Your intentions revealed?
"You spend more time window-shopping than you may realize," Ewen Callaway writes for New Scientist. "Whether someone intends to buy a product or not can be predicted from their brain activity - even when they are not consciously pondering their choices. The ability to predict from brain scans alone what a person intends to buy, while leaving the potential buyer none the wiser, could bring much-needed rigour to efforts to meld marketing and neuroscience, says Brian Knutson, a neuroscientist at Stanford University in California who was not involved in the research. Neuromarketing, as this field is known, has been employed by drug firms, Hollywood studios and even Campbell Soup Co. to sell their wares, despite little published proof of its effectiveness."
Listen to your clothes
"High-tech clothing with embedded biosensors and an Internet connection could respond to your mood and help you get through the day," Michelle Bryner reports for LiveScience. "The new 'smart' clothing contains wireless biosensors that measure heart rate and temperature (among other physiological indicators), small speakers and other electronics that wirelessly connect to a handheld smartphone or PDA. Data from the sensors [are]note>// sent to the handheld where it is converted into one of 16 emotional states, which cues a previously set-up database to send the wearer some inspirational message. … The sounds, photos and videos sent to the wearer aren't arbitrary. Instead, the messages are spoken by a friend or loved one. 'When you first wear the garment, you turn on the device and you tell it what person you want to channel that day,' said Barbara Layne, professor at Concordia University and co-developer of the garments. 'That could be your lover who's away, it could be your deceased parent, your best friend, whoever you want to be with that day.' "
"This Sunday in New York, a small knot of runners will start running around the block," Benjie Goodhart reports for The Guardian. "They will resemble any other running club although they might look a little slow. They will run one lap of the 0.5488-mile [883-metre]block. Then they will do it another 5,649 times. The 3100 Transcendental Race is the longest certified foot race in the world. Every day for the next six to eight weeks, the entrants will race from 6 a.m. until midnight - averaging 75 miles a day. For no payment or prize."
"Contrary to popular belief, the ups and downs of romantic relationships have a greater effect on the mental health of young men than women, according to a new study by a Wake Forest University sociology professor," ScienceDaily.com reports. Even though men sometimes try to present a tough face, unhappy romances take a greater emotional toll on them, says Robin Simon, co-author of the study, which is published in the June issue of the Journal of Health and Social Behavior. "The researchers also found that men get greater emotional benefits from the positive aspects of an ongoing romantic relationship. … [Dr.]Simon suggests a possible explanation for the findings: For young men, their romantic partners are often their primary source of intimacy - in contrast to young women, who are more likely to have close relationships with family and friends. … She also explains how men and women express emotional distress in different ways. 'Women express emotional distress with depression while men express emotional distress with substance problems,' [Dr.]Simon says."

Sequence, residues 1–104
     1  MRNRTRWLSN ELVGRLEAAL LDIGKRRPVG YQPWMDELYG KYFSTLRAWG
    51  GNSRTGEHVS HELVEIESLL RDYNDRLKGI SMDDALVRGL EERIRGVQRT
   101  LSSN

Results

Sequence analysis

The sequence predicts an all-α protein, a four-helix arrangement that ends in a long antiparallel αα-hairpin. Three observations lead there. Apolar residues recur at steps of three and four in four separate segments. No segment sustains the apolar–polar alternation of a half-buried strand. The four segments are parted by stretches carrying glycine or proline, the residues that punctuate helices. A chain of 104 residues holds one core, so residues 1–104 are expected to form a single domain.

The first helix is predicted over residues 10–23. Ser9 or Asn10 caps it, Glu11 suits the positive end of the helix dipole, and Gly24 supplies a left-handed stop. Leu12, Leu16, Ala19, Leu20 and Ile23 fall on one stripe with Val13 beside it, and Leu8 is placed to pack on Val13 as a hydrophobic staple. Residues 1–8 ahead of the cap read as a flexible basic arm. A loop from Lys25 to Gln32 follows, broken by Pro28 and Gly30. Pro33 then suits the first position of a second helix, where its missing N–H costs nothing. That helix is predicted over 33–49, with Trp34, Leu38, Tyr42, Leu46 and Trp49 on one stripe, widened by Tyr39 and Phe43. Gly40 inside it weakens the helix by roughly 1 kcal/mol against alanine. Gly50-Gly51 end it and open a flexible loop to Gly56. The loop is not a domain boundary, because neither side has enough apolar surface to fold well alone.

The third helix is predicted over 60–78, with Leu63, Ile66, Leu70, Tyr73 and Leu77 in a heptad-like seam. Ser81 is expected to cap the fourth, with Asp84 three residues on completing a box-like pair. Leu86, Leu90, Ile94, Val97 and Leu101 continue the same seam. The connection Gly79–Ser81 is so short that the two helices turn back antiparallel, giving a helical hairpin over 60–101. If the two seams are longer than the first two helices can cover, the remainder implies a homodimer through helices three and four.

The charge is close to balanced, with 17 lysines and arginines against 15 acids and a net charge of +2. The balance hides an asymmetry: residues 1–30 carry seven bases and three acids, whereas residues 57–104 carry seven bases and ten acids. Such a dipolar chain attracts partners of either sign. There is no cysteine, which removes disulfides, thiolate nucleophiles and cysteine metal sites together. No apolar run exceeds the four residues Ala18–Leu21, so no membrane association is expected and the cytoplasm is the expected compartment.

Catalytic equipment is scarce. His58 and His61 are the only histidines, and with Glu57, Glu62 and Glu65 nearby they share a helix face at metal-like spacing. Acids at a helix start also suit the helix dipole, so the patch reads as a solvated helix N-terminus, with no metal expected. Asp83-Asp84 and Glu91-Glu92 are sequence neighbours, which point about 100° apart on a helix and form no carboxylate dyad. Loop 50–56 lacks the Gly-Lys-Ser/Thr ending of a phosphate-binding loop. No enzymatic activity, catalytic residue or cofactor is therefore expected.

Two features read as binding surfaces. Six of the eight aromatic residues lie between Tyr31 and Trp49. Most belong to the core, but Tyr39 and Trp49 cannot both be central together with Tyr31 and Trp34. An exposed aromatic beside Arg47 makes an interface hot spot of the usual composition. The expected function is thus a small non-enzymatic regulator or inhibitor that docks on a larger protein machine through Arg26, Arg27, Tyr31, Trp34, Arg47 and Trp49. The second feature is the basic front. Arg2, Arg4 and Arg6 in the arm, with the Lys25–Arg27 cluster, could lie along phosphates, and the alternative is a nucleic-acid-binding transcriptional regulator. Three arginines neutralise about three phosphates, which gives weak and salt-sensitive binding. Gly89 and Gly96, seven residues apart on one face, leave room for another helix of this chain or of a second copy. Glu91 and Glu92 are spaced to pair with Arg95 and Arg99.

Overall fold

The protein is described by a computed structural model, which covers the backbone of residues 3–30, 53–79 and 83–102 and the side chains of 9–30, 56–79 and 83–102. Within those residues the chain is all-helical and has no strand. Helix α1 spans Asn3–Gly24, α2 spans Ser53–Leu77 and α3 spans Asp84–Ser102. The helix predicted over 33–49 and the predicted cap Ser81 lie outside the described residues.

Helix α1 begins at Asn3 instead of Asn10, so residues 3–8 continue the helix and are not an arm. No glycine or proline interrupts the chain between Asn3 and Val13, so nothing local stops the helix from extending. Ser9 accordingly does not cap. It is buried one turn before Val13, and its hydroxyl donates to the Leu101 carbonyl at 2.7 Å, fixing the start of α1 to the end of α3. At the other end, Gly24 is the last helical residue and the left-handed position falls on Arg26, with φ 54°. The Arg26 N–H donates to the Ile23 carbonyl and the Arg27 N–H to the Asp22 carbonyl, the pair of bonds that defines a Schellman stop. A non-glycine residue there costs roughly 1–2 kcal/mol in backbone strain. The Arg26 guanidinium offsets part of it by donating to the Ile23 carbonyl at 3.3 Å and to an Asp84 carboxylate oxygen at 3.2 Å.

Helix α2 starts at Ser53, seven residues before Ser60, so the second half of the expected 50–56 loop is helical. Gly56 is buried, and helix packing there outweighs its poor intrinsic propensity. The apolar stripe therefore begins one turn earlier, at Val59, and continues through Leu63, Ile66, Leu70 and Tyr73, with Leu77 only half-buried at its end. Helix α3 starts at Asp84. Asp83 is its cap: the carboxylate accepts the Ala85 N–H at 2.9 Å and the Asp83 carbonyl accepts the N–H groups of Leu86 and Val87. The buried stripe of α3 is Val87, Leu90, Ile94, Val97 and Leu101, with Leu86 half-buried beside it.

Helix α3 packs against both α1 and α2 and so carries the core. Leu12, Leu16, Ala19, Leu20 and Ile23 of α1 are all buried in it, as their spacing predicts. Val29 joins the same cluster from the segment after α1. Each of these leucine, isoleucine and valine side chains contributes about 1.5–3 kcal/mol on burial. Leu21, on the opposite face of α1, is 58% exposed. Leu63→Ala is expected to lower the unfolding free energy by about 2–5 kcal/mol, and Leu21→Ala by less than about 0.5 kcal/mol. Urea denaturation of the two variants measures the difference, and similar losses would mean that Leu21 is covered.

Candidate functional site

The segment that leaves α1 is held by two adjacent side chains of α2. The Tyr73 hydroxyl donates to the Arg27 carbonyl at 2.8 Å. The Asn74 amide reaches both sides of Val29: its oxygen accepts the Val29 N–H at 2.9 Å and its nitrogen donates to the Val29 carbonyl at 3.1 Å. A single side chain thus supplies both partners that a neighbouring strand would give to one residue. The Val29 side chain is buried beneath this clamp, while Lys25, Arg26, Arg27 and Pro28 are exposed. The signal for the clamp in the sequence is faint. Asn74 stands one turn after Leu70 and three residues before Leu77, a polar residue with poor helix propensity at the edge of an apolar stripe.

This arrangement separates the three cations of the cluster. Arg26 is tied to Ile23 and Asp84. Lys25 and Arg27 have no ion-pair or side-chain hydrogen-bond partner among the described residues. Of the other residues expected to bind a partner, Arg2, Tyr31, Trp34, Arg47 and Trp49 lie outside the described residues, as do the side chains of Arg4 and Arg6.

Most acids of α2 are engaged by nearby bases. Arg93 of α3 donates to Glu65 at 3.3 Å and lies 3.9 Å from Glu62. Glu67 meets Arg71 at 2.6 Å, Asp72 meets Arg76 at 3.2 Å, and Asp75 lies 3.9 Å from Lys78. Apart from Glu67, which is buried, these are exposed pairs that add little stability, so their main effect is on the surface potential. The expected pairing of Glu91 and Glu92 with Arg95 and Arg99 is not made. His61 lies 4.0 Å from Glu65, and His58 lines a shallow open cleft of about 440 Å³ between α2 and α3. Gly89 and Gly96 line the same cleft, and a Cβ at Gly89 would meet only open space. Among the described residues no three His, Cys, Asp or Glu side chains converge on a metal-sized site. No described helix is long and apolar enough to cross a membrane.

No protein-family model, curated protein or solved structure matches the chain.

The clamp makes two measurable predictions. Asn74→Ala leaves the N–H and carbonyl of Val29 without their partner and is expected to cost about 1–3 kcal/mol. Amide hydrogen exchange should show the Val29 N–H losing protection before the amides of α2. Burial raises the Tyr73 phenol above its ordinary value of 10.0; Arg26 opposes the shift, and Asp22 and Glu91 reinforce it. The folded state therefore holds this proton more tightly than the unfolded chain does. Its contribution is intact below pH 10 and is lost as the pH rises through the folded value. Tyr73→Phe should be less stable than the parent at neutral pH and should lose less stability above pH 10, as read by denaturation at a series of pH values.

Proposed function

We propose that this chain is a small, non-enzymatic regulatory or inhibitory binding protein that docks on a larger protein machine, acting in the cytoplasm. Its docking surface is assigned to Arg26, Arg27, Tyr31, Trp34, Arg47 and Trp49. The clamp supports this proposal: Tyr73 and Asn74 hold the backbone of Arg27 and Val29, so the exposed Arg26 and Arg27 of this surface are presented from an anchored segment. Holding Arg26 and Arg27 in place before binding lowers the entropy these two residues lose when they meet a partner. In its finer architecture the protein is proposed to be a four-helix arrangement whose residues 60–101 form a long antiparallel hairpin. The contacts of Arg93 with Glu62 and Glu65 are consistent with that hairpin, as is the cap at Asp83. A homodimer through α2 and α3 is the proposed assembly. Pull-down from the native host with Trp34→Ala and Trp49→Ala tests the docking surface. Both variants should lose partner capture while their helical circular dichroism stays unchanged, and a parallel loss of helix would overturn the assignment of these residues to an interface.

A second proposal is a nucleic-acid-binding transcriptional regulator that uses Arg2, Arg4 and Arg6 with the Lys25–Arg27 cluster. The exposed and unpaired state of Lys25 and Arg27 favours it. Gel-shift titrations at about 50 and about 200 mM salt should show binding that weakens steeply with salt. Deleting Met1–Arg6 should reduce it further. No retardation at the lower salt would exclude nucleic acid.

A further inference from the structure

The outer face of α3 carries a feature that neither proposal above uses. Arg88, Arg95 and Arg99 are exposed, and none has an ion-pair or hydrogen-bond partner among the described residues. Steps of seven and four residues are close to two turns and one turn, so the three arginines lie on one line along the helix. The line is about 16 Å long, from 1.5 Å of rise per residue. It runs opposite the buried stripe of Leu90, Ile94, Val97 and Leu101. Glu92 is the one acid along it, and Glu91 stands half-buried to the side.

Some U.S. schools are taking measures to stay competitive during a recession, United Press International reports. "At least a dozen private and public colleges are bringing in extra revenue by offering summer school classes with lower tuition than during the regular school year, USA Today reports. … Jenna LaPlace of Bainbridge, Ohio, says she's saving $1,560 [U.S.]by taking animal physiology at Hiram College this summer rather than during the regular school term when it costs 40 per cent more. … For the second summer in a row, St. Peter's College in New Jersey is offering a 'buy-one-and-get-the-second-for-half-price' deal on summer school courses."
Don't dwell on the present
The weeklong celebration of the Facts & Arguments page, cultural landmark though it is, may strike some readers as excessive and unhealthy. Not so. Back in 2006 - those were the good old days - Marina Krakovsky had this to say in Psychology Today: "Despite nostalgia's bittersweet rap and the oft-heard advice to live in the moment, recent studies suggest that the occasional detour down memory lane can give your spirits a significant lift. Thinking of good memories for just 20 minutes a day can make people more cheerful than they were the week before and happier than if they think of their current lives, report researchers from Loyola University in Chicago."
Thought du jour
"The feeling of having taken a wrong turning in life was made worse by the fact that he could not, for the life of him, remember having taken any turnings at all."
- Charles Fernyhough, writer